Georgia medical marijuana licenses finally awarded; growing to begin

2 companies picked to produce low THC oil after long wait

A final vote awarded Georgia medical marijuana production licenses to two companies Wednesday, a major step toward ending a seven-year delay that left registered patients with no way to legally buy the drug that they’re allowed to consume.

The Georgia Access to Medical Cannabis Commission unanimously approved licenses for Botanical Sciences LLC and Trulieve Georgia Inc., each of which will be authorized to grow, manufacture and sell marijuana oil, which can have no more than 5% THC, the compound that gives users a high.

State law requires the companies to begin production within a year, breaking an impasse for 24,400 patients and 17,700 caregivers since Georgia authorized medical marijuana in 2015. Patients who receive a doctor’s approval are allowed to use the medicine to treat illnesses including severe seizures, Parkinson’s disease and terminal cancers.

“It’s good news to our certified patients in Georgia, and we look forward to ensuring that the product comes to market as quickly and as safely as possible,” said Sid Johnson, the commission’s chairman.

Trulieve plans to begin operations as soon as possible after it opens an indoor cultivation and processing facility in Adel in South Georgia.

“We look forward to educating the Georgia market on the numerous health and wellness benefits of cannabis, as well as providing patients statewide access to the medical cannabis they have been seeking,” Trulieve CEO Kim Rivers said.

The commission originally intended to award six production licenses last year, but contracts were never finalized because of protests filed by 15 losing companies out of the 69 that had applied.

The protesting companies alleged that the commission’s selection process for the new government-regulated industry was marred by inconsistent scoring in the competitive bidding process, unclear criteria and arbitrary awards.

The complaints put the medical marijuana program on hold for nearly a year until Gov. Brian Kemp appropriated $150,000 in emergency funds in April for an administrative law judge to quickly hold hearings and resolve the protests.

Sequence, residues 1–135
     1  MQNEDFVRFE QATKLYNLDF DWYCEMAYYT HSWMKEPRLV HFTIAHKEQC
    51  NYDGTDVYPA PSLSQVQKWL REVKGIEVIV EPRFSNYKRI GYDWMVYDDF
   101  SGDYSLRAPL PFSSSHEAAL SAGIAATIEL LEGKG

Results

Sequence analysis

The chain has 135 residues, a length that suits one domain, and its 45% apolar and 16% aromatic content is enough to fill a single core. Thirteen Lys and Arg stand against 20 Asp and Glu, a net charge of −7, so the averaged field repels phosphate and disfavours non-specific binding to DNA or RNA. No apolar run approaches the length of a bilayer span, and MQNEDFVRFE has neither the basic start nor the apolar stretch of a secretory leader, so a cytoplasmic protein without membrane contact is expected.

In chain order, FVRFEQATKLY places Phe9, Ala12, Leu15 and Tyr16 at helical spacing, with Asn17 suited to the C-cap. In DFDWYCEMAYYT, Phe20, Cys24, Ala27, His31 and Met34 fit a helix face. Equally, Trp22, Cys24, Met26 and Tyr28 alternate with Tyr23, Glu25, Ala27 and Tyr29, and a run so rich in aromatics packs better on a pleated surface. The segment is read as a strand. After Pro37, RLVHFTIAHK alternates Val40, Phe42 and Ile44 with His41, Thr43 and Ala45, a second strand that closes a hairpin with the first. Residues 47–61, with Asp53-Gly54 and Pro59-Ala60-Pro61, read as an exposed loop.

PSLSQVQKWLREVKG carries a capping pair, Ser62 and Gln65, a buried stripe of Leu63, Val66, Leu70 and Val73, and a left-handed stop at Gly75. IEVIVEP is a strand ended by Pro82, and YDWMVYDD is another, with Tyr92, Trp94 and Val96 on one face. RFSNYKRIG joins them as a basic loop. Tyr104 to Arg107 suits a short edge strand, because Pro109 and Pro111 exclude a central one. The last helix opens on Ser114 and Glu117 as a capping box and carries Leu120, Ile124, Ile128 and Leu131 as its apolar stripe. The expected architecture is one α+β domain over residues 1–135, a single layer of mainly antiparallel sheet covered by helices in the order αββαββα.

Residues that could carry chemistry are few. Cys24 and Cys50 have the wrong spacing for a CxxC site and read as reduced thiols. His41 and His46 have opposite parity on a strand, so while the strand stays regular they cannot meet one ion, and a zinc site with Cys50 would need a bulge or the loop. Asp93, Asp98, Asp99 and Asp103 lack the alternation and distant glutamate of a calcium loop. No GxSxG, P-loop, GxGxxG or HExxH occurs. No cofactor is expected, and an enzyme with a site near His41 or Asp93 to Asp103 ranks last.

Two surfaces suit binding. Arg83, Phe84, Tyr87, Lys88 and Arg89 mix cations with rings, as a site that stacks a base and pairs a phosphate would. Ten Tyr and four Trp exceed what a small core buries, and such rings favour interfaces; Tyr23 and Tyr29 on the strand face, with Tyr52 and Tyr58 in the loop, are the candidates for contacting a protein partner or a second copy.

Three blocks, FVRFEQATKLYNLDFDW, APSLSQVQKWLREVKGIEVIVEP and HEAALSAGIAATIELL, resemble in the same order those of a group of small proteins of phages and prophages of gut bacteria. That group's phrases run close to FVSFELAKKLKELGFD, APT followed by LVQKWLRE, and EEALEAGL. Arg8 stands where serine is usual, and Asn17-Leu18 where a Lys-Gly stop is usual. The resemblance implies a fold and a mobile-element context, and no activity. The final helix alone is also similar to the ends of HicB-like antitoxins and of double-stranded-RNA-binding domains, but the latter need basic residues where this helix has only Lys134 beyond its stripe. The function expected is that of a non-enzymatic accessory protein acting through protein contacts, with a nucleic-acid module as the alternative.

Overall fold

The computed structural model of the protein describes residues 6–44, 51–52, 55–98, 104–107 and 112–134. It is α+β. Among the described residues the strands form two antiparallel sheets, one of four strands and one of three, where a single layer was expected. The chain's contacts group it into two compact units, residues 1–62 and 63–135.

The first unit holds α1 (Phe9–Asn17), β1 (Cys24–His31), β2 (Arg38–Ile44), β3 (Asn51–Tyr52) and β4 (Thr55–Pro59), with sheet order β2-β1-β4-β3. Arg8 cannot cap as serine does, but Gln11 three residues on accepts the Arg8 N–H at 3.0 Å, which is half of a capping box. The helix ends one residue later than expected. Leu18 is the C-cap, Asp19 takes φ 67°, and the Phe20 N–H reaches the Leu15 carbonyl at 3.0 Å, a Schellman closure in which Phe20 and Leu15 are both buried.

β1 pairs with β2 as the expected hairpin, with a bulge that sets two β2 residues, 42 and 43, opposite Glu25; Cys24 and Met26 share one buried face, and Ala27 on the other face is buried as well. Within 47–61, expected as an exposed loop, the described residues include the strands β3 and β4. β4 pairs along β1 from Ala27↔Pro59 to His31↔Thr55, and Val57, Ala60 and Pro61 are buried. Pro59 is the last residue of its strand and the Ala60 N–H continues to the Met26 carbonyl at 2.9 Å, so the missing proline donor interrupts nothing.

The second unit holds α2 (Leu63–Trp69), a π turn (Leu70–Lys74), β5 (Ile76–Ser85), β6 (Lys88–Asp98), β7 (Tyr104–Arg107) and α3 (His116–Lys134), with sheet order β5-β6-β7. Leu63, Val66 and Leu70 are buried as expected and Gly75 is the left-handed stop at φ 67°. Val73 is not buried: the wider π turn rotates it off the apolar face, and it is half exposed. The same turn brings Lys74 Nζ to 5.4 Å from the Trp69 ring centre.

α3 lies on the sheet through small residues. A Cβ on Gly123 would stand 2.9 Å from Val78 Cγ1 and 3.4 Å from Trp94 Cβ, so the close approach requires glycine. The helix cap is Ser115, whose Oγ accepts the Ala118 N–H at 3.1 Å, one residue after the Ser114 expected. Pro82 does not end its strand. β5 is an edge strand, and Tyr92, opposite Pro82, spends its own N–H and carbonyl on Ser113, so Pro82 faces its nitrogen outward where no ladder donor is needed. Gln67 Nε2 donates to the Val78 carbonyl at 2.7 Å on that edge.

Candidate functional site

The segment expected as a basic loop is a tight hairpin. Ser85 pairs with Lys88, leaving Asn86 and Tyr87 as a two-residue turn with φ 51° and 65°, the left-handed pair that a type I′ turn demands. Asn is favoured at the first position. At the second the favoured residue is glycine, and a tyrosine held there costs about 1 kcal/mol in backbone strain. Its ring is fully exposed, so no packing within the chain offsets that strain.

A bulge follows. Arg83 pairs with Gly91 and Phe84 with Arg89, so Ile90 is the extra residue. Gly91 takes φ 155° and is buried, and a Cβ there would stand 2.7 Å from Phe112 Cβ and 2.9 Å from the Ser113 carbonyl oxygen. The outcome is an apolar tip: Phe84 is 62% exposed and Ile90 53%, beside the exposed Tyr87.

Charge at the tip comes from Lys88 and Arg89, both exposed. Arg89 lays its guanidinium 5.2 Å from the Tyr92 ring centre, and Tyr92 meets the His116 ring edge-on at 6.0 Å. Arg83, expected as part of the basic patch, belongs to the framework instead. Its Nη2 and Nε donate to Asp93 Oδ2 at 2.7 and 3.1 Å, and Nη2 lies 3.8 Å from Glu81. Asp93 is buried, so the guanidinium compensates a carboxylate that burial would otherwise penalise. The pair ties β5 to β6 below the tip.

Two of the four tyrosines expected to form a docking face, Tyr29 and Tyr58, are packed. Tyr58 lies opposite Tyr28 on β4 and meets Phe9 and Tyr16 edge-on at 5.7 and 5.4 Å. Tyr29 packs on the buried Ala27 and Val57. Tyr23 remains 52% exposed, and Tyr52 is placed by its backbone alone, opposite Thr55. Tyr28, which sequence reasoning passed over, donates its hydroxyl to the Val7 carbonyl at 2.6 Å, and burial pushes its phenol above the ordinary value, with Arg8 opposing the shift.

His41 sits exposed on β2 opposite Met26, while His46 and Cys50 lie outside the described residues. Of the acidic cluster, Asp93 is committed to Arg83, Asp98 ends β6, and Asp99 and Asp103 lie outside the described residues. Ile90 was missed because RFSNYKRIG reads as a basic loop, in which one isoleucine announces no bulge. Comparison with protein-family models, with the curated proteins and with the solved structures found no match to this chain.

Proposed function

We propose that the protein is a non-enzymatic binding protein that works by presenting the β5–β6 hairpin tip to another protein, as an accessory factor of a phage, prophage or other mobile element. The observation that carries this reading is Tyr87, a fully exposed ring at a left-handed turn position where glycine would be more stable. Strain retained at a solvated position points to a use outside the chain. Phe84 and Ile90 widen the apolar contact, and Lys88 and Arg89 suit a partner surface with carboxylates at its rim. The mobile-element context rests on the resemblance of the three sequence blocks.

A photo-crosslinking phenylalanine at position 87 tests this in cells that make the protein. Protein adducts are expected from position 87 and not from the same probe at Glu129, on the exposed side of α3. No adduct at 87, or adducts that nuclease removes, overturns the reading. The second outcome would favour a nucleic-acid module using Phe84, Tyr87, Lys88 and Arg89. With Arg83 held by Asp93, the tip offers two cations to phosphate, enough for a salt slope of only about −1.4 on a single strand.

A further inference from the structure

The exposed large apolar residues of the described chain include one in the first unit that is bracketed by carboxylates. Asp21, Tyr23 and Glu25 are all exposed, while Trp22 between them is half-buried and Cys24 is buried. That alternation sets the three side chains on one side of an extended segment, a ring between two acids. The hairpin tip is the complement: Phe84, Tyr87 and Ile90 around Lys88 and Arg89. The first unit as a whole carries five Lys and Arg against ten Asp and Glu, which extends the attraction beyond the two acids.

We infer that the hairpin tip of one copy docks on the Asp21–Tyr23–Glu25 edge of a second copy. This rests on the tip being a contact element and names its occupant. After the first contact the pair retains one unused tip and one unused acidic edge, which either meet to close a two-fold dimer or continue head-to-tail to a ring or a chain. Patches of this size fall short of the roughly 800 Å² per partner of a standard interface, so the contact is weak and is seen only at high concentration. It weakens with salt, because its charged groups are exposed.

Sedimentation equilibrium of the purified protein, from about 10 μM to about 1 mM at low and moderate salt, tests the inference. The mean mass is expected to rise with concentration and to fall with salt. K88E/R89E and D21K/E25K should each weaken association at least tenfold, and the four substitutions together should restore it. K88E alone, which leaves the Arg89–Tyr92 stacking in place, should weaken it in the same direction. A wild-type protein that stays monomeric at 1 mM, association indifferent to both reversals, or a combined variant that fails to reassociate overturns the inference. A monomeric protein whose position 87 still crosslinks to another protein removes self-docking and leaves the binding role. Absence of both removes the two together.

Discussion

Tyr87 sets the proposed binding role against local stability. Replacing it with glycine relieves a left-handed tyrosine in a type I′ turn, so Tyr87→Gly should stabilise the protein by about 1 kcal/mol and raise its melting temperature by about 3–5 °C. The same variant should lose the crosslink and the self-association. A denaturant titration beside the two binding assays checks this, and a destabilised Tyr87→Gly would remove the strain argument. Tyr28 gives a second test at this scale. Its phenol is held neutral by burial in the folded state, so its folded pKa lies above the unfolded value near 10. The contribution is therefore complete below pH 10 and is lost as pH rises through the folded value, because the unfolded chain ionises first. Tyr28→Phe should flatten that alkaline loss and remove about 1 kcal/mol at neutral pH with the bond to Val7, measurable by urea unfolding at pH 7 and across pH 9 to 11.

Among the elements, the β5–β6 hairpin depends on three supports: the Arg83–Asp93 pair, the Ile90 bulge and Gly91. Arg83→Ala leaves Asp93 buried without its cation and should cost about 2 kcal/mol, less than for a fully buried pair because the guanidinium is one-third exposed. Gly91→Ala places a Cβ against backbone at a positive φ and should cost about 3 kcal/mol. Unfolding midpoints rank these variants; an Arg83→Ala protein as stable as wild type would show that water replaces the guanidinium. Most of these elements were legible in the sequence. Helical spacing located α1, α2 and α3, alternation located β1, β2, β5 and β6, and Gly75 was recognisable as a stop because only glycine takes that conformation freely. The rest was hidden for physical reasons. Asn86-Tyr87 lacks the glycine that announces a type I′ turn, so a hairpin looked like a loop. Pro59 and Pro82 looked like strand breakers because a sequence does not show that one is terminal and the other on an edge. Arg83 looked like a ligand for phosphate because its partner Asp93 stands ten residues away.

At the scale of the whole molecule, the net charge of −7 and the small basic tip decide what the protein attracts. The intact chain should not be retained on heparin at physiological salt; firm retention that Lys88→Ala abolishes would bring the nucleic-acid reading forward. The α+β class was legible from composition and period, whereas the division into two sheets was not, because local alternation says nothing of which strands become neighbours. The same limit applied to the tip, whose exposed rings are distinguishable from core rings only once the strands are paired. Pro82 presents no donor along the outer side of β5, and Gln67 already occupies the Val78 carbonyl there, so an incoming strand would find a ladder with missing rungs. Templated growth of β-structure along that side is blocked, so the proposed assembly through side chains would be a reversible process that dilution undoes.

The judge, Stephanie Howells, rejected all the protests in decisions finalized Friday. But the commission only awarded two of the state’s six licenses Wednesday because of pending litigation over the process, Johnson said. He said he couldn’t provide further information.

ExploreGeorgia medical marijuana program stalled by protests, bureaucracy

The two winning companies will be able to cultivate medical marijuana oil on 100,000 square feet of indoor growing space.

Each company will be authorized to open five dispensaries, which will serve only registered patients.

Trulieve is a large company that already does business in 11 states. Botanical Sciences is a new company that plans to operate in Glennville, a small city in southeast Georgia.

“It’s a brand-new industry in our state, and we look forward to working with companies that provide the medicine for those patients,” said Andrew Turnage, the commission’s executive director.

The Georgia General Assembly approved production of low THC oil three years ago, but the commission struggled to complete the licensing process. A bill that would have required medical marijuana licenses to be issued by early June failed to pass in the closing hours of this year’s legislative session.

It’s unclear when the four remaining medical marijuana licenses could be issued to the companies selected by the commission and affirmed by the administrative law judge. Those licenses are designated for smaller growing facilities, on 50,000 square feet of growing space.

Those four companies that haven’t yet been awarded licenses are FFD GA Holdings, TheraTrue Georgia LLC, Natures GA LLC and Treevana Remedy Inc.